Feathers may not have a]ways separated the world of birds from other animals, in fact, the first feathers did not necessarily herald the age of animal flight―and here is where the feathers fly between two opposing camps of paleontologists. One side argues that feathers initially evolved in a small group of two-legged, carnivorous dinosaurs. Luis Chiappe of the Natural History Museum of Los Angeles County believes that early forerunners of feathers initially served purposes other than flight, such as attracting potential mates and maintaining body heat.
Computer simulations utilized to analyze aerodynamics show that flightless dinosaurs with feathered, wing-like appendages would have been able to run faster and make quicker turns if they flapped their wings, enabling them to catch prey or escape predators. This theory presupposes, of course, that feathered dinosaurs were the early ancestors of modern birds.
Other paleontologist, argue against this “ground up” theory, saying that feathers more likely evolved “from the trees down.” Advocates of the latter theory hold that the evolution of modern feathers und the ability to fly happened simultaneously. Some believe that small reptiles living in trees evolved stubby projections, which smoothed airflow on their skin and enabled them to jump quickly away from predators. Reptiles that developed longer filaments from these projections could jump faster and farther. Dominique Homberger, an evolutionary biologist at Louisiana State University, maintains that these precursors to feathers probably did net serve all the purposes that modem feathers do, but that they did provide some clear survival advantages.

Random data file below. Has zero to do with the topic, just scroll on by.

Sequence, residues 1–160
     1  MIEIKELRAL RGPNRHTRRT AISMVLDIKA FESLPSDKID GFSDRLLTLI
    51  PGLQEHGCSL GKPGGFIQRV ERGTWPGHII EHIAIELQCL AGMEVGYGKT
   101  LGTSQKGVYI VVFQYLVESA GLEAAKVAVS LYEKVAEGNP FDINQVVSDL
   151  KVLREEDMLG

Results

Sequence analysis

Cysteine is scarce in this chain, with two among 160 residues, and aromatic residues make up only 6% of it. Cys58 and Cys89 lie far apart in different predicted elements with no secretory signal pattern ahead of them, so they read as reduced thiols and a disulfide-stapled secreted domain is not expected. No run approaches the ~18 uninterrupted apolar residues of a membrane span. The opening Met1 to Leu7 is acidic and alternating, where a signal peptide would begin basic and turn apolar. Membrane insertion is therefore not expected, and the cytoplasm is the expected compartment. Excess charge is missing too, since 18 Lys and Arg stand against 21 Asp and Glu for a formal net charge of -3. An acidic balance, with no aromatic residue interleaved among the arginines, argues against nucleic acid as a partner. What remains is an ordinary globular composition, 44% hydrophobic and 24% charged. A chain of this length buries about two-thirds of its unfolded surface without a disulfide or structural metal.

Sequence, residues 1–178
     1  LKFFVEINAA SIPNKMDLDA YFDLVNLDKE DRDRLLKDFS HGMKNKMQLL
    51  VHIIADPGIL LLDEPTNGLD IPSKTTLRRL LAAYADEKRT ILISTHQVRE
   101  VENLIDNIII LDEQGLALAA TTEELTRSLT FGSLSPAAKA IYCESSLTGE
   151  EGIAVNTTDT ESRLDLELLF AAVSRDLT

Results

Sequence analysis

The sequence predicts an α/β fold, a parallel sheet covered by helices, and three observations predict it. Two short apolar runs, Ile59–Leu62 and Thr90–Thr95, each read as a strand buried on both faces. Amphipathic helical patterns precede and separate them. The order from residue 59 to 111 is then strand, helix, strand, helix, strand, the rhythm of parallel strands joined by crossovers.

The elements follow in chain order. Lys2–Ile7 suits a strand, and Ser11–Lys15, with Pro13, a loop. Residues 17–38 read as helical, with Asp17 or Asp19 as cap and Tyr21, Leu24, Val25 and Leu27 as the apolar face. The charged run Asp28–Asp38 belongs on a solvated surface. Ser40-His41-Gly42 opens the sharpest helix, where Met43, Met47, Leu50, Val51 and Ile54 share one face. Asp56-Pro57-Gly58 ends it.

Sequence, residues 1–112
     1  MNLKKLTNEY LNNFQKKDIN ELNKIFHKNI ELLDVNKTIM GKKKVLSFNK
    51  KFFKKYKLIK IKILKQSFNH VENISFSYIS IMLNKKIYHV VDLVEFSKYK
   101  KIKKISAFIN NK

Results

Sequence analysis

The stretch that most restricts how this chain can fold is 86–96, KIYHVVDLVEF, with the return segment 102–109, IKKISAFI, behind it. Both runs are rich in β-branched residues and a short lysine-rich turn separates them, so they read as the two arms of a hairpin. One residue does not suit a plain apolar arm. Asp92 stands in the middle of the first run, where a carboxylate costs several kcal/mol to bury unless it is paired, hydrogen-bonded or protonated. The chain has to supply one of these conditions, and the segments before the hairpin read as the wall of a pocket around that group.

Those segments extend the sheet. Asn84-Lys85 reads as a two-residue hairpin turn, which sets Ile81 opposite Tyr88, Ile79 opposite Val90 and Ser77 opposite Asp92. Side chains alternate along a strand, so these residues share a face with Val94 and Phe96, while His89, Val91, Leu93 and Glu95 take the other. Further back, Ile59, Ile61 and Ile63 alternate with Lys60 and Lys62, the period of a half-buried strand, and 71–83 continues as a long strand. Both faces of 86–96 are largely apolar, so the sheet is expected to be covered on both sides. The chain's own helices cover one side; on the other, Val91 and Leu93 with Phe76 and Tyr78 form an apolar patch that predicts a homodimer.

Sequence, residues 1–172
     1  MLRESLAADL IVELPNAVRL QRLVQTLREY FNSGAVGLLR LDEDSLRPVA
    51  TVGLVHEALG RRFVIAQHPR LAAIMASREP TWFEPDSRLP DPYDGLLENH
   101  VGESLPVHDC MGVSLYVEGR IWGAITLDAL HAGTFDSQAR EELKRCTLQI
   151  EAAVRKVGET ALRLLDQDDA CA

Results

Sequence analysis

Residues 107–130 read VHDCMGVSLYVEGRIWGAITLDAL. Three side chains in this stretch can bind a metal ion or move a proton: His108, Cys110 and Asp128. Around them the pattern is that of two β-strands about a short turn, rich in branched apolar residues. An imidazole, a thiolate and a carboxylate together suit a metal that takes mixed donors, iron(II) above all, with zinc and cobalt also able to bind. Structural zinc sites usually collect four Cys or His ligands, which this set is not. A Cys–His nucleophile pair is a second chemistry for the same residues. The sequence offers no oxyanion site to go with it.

There are other contentious feather issues among paleontologists. Some rely exclusively on analyses of fossil records to determine how feathers may have evolved. Others focus their attention on modern birds. The members of the first camp search for evolutionary relationships between various organisms by analyzing shared characteristics in fossilized remains, a science called cladistics.
They construct evolutionary family trees based on the analysis of such shared traits as general body structure, the number and shape of bones, and the type of skin covering. The other scientists consider it foolish to restrict investigation to fossils. This group studies the characteristics of modern birds for clues as to how feathers may have evolved in ancient predecessors.
The debate between the fossil-focused and less restricted groups is heated. Chiappe, a proponent of the cladistics-camp, calls his opponents “the arm-waving-school of speculating and looking for what's intuitively pleasing.” “Nothing's intuitively pleasing,”he says, “until I see it in the fossil record.” The opposing camp argues that fossil records are simply too spotty to provide a clear picture of what really happened. The situation is complicated by the fact that the earliest known bird fossil, the famous Archaeopteryx, appears to already have feathers.
If feathers did indeed evolve from something else, the fossil record has yet to produce conclusive evidence as to how or why. Paleontologists of both camps eagerly await the discovery of bird fossils that predate Archaeopteryx , in hopes that the findings will prove their respective views and close the debate once and for all.